There was also a gap of 12-18 months between finishing the lesson studies and the pupils in the classes in which they were carried out taking their KS2 tests on which the findings were based. David also cites studies such as that by `Lewis and Perry (2016) where using a lesson study approach with a structured teacher subject knowledge toolkit for teaching fractions produced a .49 effect size. This improved the lowest attainers to levels close to the previous average and the average to the levels of the previous highest. The study was one of only two of 643 cleared by the US research authorities for design and impact quality. That said, I am pleased that a body like the EEF is investing in research in teacher learning and CPD – an under researched area.

I am with David Weston completely on being disappointed – but not surprised at the outcomes of the EEF trial for the reasons above. The literature on lesson study is still immature but broadly positive and there is a growing body of research in progress that will help us understand things more fully. What we do not know from the EEF study is whether these results were uniform across all the schools or whether there were some schools or classrooms where there was evidence of impact and others to the contrary, and what we know about the way that the components of pedagogical intervention and teacher learning about that through lesson study looked like.

I also agree with huntingdon.researchschool.org.uk which on 21 November questioned whether teacher observation alone can improve teaching – when we know that teaching is a complex process and that much of the teacher practice knowledge this is designed to improve is tacit in nature. (If watching things alone improved practice then we would by now be a nation of ballroom dancing virtuosos with cordon bleu baking skills to match!)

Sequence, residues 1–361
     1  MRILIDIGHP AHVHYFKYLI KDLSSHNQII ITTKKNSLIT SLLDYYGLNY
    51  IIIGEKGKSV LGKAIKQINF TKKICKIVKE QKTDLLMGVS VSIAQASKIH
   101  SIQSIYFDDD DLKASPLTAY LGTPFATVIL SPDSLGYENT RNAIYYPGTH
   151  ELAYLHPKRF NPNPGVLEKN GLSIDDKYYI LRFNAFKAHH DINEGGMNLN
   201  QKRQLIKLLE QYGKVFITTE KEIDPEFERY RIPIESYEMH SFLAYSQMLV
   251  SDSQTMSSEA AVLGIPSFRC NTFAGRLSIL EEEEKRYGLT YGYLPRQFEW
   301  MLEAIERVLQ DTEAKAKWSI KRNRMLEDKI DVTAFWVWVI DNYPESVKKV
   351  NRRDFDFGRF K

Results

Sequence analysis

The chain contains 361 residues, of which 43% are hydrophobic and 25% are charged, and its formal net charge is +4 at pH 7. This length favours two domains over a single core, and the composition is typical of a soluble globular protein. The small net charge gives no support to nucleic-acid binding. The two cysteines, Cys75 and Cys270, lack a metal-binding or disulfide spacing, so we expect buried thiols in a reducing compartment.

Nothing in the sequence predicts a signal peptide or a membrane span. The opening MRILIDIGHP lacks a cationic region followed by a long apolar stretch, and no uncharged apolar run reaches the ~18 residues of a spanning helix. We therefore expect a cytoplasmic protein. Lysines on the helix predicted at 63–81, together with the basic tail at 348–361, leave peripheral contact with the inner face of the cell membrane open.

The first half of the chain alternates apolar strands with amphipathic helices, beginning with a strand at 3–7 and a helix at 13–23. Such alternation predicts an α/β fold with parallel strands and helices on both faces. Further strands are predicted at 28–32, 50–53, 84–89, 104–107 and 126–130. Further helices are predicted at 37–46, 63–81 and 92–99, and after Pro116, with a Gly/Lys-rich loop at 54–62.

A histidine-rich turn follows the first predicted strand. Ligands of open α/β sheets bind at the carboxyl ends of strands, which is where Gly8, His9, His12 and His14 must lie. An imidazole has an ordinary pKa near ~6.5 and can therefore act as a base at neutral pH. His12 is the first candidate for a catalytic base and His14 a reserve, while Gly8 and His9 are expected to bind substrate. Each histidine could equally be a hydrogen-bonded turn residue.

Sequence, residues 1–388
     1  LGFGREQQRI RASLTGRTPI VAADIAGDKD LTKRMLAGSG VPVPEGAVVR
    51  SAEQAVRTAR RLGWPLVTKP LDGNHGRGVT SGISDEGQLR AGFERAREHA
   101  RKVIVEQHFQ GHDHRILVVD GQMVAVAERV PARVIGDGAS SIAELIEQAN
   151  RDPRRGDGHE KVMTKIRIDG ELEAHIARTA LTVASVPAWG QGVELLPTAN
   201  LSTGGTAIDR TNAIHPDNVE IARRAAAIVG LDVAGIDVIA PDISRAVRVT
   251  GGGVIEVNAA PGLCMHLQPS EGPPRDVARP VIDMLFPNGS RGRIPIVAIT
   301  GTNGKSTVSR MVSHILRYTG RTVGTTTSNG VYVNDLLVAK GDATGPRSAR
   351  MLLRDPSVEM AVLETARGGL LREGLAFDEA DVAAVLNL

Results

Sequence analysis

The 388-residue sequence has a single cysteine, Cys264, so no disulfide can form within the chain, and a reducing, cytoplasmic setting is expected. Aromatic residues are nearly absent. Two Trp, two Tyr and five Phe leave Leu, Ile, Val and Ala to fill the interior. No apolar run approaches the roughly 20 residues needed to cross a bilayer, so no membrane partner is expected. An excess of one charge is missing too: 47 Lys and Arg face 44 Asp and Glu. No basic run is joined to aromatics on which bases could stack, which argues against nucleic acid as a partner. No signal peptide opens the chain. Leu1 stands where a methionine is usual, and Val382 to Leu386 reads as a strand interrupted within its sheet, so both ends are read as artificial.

What I disagree with here though is the assumption behind this that LS is a ‘teacher observation approach’ to improving teaching. It is not.

In truth LS is a highly deliberate, collaborative ‘learner observation approach’ aimed at helping teachers to improve pupil learning. Before any observation occurs, LS involves teachers in collaboratively assessing, researching and planning pupil learning in jointly constructed classroom activities that should of course draw on (i) evidence based approaches – but also (2) on their abilities to tailor those approaches to the needs and idiosyncrasies of the pupils in that specific class.  And when observation does occur in the research lessons it is focused on the pupils’ learning.

Figure 2 below reproduces Catherine Lewis’s analysis of the forms of analysis and learning that teachers engage in at each stage of the LS process.